India's Tata Company has finally given up on its plan to build an automobile plant in the Indian state of West Bengal.
Tata made a splash when they announced plans to build the "world's cheapest car", a tiny sub-compact called the Nano that would sell for approx. $2,300. The car was a hit with India’s growing, but largely car-less middle class, with people lining up to put in down payments for their own Nano. As part of their plans, Tata built a huge plant near Singur in West Bengal, where they hoped to build up to a quarter million cars per year.
But land for the plant was seized from thousands of local farmers, and while many were willing to take compensation for the land, a group of about 2,000 were not and demanded their farms back. Their protests turned violent in recent months, halting work at the plant. Finally Tata gave in. "We cannot run a factory with police around all the time," said Tata chief Ratan Tata. His company had spent more than $350 million to build the massive factory, which is basically complete and was ready to start cranking out Nanoes.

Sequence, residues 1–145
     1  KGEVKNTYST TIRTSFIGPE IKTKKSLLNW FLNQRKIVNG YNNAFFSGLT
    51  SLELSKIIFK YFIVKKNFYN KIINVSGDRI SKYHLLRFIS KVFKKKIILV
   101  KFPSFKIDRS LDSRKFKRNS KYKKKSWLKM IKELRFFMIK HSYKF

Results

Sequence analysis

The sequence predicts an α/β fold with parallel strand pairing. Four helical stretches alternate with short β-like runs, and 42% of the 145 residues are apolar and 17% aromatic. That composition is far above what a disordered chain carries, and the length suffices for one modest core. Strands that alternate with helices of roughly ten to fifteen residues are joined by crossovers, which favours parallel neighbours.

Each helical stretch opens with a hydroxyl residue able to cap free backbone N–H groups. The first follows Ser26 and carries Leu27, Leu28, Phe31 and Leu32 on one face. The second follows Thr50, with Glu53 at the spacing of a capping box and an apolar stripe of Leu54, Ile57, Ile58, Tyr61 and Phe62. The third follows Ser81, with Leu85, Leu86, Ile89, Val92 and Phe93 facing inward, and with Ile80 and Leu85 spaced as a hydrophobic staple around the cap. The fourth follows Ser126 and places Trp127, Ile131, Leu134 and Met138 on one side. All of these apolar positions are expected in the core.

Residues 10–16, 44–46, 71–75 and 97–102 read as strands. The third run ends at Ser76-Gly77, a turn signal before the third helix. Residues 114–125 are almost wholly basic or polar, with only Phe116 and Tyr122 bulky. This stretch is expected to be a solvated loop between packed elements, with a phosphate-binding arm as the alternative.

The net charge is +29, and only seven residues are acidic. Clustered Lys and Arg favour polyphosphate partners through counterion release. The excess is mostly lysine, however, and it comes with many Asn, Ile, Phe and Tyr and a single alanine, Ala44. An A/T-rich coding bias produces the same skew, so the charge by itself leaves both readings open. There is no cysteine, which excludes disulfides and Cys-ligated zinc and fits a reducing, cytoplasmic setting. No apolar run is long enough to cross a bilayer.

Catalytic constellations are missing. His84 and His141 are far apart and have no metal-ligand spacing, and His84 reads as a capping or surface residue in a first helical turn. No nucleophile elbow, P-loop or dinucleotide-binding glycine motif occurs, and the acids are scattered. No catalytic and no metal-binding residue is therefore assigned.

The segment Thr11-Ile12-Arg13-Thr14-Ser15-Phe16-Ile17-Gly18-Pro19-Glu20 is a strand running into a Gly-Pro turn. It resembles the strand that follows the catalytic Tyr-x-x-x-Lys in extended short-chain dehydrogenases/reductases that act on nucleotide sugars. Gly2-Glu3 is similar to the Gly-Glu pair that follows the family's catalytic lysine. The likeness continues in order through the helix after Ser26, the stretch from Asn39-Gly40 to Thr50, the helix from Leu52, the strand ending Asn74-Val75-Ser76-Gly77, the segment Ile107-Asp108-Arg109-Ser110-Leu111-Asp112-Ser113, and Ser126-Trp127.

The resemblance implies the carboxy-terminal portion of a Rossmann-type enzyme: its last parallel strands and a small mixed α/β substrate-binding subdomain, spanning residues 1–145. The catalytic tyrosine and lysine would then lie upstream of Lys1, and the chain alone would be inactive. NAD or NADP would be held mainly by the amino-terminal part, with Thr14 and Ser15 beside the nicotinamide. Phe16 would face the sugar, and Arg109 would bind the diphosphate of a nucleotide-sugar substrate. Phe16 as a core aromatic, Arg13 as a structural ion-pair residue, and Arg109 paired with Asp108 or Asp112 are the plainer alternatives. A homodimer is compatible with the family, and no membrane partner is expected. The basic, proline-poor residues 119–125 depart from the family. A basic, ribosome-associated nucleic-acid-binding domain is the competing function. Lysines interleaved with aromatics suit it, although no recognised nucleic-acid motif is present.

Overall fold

Officials in West Bengal (which has a Marxist government) are now worried that investors may be scared away from funding large projects in one of India's least developed states. Tata, meanwhile, says that the Nano will be produced at other plants around India.
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